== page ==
Sex change of single Square-Back Anthias Hello, <<Hello - Ted here>> Thank you for your help with other questions I have had.  It has been a great help to ask the questions that I cannot find answers to after hours of searching, and get quick knowledgeable answers. We have a female Square-back Anthias in our 75 gallon FOWLR tank.  It is about 3 1/2 inches now.  This is the only Anthias we have.  The past few days I have noticed that it is showing some darker coloration around the head.  I am wondering will an Anthias change sex to a male if it is the only one, or do they only do this in a group? <<Given only one Anthias, it is unlikely that the color change is related to sex change. Fish will change color when stressed or ill. If you are not seeing any indications of illness (white spots, rapid breathing, etc.) or stress (strange behavior) it may simply be the fish is maturing. I would check the system parameters and monitor things.>> Thank you, Andrew Morgenegg <<Cheers - Ted>>

Pseudanthias squamipinnis (lyretail) sexual transformation Hello, I have a school of 4 females and 1 male in a 55g reef. About 3 weeks ago larger female started transitioning into a male, even though nothing was wrong with the male and he is larger then she is. Now he is hiding and she is giving him a hard time. Well, this is not the worst part of the story. Couple of days ago I noticed color variations and fin changes on the other 2 females suggesting they are also turning into males. Why is this happening and what should I do with this school?  <Interesting event... don't know the ultimate cause, but suspect that the small volume, crowded condition has something to do with this... agonistic behavior somehow aiding to triggering the change> This school is pretty aggressive. They share the tank with a 3" powder blue tang, 3 Chromis viridis, a six line wrasse and a tomato clown. I will be moving the fish and the corals in a 90Gin about a week, so I will have pretty good opportunity to catch the fish. Thank you. <I'd shoot for even a larger tank size... as big as you can. Bob Fenner>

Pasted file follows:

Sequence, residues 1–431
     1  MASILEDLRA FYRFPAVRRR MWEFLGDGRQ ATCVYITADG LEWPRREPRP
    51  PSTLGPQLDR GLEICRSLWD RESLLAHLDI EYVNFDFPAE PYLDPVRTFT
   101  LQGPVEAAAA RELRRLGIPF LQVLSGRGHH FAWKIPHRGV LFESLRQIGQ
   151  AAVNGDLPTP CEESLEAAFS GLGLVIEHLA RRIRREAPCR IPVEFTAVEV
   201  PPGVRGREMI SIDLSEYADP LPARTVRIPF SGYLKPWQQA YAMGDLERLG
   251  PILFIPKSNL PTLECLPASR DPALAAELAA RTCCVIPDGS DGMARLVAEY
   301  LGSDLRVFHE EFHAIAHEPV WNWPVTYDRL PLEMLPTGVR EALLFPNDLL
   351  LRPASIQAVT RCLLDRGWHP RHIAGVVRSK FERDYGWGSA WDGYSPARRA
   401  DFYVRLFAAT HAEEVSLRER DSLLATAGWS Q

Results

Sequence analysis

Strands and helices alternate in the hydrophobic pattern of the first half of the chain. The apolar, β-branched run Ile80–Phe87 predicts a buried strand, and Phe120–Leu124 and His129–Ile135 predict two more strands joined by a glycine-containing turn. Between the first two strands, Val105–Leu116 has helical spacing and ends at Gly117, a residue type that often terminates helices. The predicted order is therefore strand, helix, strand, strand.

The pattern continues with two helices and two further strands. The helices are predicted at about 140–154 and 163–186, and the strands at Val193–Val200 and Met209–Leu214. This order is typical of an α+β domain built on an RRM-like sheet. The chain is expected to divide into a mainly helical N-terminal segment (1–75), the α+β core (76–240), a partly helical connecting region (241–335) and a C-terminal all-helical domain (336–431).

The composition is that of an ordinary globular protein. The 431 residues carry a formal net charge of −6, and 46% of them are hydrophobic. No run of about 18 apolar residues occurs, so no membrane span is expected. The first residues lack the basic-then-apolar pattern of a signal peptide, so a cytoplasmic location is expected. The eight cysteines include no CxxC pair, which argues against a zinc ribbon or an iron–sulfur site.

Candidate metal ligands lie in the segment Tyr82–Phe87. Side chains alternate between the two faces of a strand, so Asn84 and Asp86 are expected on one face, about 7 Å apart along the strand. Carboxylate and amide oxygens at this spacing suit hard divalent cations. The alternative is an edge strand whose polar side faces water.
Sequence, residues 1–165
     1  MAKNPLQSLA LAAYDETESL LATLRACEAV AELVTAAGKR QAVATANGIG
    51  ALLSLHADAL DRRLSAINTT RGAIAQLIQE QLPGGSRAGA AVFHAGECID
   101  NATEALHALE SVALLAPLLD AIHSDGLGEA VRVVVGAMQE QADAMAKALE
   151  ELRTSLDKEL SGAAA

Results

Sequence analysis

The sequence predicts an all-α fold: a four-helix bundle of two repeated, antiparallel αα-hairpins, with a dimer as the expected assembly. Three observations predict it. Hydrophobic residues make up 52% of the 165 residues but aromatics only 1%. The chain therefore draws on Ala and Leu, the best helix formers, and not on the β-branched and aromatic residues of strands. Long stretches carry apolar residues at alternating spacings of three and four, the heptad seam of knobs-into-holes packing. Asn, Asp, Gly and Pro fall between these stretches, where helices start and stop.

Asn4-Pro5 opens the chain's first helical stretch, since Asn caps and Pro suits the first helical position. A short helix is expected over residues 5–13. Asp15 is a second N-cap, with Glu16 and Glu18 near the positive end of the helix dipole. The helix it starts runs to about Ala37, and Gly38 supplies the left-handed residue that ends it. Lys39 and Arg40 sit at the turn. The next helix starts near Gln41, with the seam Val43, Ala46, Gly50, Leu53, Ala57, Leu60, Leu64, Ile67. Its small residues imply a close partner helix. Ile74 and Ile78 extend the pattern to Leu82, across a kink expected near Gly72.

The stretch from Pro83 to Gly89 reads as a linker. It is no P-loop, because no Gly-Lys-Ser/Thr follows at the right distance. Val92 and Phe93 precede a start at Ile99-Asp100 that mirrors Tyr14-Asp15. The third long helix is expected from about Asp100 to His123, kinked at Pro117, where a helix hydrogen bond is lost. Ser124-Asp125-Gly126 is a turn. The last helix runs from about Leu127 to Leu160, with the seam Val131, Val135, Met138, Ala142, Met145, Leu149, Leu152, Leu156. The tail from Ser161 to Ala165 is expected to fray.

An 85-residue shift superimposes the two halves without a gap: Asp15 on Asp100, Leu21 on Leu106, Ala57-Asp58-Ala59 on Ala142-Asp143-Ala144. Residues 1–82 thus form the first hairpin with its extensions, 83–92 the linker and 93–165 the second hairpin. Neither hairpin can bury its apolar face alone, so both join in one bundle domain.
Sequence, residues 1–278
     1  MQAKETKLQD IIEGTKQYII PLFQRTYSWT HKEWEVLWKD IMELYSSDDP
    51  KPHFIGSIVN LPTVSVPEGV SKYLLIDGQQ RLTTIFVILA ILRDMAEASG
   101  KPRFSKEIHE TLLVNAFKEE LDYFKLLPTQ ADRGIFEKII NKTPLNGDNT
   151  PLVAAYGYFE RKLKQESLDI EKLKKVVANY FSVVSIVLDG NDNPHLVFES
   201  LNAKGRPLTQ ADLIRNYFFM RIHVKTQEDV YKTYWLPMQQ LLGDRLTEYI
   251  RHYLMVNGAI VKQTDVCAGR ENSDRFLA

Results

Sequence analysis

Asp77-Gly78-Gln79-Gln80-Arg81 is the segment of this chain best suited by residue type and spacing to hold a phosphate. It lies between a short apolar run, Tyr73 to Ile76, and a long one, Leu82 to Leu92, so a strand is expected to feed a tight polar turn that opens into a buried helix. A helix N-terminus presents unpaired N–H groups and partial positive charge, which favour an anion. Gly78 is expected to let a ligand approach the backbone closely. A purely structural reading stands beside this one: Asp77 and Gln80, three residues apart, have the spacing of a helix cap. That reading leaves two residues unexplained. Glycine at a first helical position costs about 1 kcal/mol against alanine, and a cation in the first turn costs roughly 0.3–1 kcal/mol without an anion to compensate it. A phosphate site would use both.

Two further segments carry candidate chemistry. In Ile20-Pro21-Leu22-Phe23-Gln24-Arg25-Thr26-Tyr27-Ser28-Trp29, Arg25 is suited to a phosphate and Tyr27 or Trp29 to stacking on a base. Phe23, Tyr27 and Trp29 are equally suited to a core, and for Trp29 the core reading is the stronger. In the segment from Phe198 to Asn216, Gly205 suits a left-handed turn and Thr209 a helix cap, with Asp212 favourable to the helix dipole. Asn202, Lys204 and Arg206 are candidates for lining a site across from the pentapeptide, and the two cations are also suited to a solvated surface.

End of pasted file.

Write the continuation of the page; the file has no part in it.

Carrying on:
Evans Anthias spawning??  About 3 months ago I purchased a pair of female Evans Anthias. I had been considering Anthias for some time and when I said feed these and they gorged on flakes I knew I could keep them.  <One of my fave Anthiine species>  In the past 3 months the fish never got sick or thin. They compete  favorably for food with their tankmates. The larger of the 2 has  definitely pulled a gender switch on me as it is bigger and pinker than the other. In the last week I have noticed what looks to me like spawning behavior. The larger fishes fins will flare up and vibrate and then he undulates around the smaller fish. This whole process looked very similar to my lemon Jake cichlids when they spawn.  <Good observations, agreed.> Today the larger fish wont come out. I feed and he comes out very briefly eats a little and then disappears back into the rock. His fins are not torn, his color is good and their is no evidence of external parasites, and he doesn't look skinny. Usually the pair swims all over the 240g tank and only hide at night. The male looks to be hiding in the same spot. I would appreciate any info on Anthias spawnings you might have. Do the male Anthias guard eggs? That would explain his unusual behavior.  Thanks, Everett <Egg scatterers, live in haremic settings... pelagic development of young... Bob Fenner, a couple of links/WWM and Fishbase below> http://www.wetwebmedia.com/anthiina.htm http://www.FishBase.org/Pseudanthias&speciesname=evansi